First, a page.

Review: Samsung Infuse 4G
The Infuse actually has fewer applications on board than many other Android phones I've tested of late. Notable stand-outs include Angry Birds, AT&T Code Scanner, Mini Diary, and AllShare, a DLNA substitute that lets you send media content from one Wi-Fi device to another. AT&T still managed to stick a few apps on the Infuse 4G that can't be removed. (I'm looking at you, Yellow Pages.)
The Infuse is one of the few devices that supports Bluetooth 3.0+HS. Bluetooth 3.0+HS makes for faster wireless data transfers by handing off the actual transfer to Wi-Fi. In my tests, I was able to pass complete MP3 albums wirelessly between compatible devices in under a minute. Of course, the Infuse also supports mono/stereo Bluetooth headsets. Pairing and connecting was no problem, and sound quality through both was acceptable.
The Infuse's lock screen has a large digital clock at the bottom, but I wish the font were thicker or bolder. It can be a bit difficult to see at times. There is also a clock application if you're interested in using a stopwatch, timer, setting alarms, etc. This app doesn't have any effect on the lock screen clock, though.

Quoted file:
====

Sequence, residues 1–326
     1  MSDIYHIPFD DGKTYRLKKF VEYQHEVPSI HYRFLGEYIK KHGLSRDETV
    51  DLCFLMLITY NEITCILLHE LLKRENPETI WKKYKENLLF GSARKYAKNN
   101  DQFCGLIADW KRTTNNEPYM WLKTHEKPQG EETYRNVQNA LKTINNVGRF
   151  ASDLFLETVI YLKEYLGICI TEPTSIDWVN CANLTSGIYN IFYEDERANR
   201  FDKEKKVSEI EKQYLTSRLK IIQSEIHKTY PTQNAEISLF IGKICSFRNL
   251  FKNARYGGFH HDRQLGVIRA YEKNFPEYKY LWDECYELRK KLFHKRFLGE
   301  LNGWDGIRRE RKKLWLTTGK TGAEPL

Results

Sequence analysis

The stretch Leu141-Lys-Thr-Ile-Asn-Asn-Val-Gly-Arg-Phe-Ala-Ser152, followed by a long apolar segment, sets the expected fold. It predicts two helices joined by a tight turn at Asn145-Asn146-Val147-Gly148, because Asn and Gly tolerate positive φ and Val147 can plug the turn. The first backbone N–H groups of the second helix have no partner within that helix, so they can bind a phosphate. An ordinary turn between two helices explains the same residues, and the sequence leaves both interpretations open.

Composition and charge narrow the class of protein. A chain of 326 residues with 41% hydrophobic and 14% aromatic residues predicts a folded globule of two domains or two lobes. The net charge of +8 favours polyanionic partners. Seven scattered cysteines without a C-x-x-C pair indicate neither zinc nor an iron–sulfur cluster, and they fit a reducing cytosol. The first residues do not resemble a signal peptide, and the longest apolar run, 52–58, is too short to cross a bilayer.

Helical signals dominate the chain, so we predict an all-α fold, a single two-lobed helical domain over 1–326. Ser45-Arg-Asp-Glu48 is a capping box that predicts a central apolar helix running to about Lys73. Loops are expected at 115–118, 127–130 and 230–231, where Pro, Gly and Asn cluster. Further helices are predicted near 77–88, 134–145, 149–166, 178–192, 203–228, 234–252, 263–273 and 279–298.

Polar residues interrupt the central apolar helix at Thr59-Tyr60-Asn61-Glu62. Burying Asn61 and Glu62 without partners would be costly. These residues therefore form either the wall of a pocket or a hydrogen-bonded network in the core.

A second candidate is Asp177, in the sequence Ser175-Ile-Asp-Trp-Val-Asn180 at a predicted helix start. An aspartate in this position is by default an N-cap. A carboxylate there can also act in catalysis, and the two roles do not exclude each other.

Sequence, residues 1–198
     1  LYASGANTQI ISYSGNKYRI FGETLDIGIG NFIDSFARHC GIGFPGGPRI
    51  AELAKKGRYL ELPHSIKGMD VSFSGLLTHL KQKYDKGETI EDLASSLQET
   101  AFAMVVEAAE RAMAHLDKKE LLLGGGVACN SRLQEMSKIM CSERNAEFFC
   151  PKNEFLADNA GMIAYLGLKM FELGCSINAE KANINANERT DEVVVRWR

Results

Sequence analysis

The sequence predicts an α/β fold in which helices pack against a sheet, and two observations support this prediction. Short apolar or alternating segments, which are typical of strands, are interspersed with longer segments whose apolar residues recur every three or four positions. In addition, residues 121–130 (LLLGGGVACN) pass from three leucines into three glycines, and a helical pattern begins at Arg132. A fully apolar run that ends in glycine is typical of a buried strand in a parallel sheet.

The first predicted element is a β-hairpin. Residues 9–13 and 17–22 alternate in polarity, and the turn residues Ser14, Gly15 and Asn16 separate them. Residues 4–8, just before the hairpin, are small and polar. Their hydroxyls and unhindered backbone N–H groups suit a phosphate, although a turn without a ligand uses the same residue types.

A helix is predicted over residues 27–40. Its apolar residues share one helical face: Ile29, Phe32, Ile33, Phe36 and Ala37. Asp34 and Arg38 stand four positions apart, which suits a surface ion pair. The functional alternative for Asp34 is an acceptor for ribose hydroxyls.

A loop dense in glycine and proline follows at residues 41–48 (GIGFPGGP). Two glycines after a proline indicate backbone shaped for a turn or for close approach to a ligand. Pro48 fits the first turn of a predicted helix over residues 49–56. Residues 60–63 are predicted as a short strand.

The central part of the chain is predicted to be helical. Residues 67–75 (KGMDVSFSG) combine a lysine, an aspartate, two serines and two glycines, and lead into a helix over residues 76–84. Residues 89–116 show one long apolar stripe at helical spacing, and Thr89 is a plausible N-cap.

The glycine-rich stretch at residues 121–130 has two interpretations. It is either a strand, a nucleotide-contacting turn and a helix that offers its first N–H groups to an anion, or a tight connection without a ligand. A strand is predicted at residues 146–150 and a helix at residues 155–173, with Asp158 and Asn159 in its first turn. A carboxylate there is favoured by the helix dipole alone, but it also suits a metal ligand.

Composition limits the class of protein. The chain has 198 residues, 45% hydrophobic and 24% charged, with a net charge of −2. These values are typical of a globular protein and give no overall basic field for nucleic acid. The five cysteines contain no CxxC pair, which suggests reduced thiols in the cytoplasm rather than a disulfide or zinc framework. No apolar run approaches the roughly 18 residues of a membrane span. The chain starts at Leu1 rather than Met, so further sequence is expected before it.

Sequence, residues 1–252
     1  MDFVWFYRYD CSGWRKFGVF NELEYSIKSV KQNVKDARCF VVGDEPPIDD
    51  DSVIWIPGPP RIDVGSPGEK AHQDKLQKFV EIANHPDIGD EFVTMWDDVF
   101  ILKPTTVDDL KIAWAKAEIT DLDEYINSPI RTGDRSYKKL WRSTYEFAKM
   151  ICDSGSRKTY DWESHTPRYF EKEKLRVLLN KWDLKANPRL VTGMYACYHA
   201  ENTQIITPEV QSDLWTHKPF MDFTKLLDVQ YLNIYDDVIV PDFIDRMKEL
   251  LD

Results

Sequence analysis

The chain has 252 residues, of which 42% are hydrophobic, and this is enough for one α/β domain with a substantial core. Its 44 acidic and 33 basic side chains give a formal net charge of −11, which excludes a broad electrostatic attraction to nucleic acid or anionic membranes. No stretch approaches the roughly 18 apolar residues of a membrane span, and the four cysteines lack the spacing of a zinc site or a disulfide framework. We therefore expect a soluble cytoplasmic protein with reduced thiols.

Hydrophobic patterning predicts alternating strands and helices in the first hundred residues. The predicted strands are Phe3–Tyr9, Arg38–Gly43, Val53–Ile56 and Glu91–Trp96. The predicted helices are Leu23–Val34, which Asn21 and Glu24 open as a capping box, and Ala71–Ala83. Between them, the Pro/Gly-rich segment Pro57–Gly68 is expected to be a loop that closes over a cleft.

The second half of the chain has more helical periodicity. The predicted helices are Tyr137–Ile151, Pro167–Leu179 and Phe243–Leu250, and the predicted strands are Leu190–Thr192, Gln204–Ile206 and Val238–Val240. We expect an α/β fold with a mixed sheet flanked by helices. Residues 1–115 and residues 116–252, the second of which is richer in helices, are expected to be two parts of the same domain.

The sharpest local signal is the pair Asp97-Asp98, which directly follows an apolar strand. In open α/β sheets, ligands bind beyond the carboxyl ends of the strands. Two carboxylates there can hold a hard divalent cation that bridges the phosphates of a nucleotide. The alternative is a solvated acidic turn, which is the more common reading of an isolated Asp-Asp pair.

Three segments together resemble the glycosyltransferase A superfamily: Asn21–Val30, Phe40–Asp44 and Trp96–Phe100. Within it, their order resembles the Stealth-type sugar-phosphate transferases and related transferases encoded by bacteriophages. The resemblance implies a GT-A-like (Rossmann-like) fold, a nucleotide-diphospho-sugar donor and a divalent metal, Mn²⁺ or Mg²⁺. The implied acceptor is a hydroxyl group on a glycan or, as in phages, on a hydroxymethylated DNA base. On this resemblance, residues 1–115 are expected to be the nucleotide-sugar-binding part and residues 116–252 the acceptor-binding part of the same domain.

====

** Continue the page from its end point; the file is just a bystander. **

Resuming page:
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As with the Droid Charge, there are plenty of Google location services on board the Infuse. It has Google Maps, Latitude, Navigation, and Places, in addition to AT&T Family Map and AT&T Navigator. Google's mapping and navigation services continue to perform very well, and the Infuse's GPS radio was consistently able to locate me in under 10 seconds. Accuracy was never better than within about 25 feet, though. AT&T's Navigation software is also good, but costs $10 per month to use. The AT&T Family Map is for paranoid parents who want to keep a dime on their kids' whereabouts at all times. It also requires a monthly fee per line spied upon.
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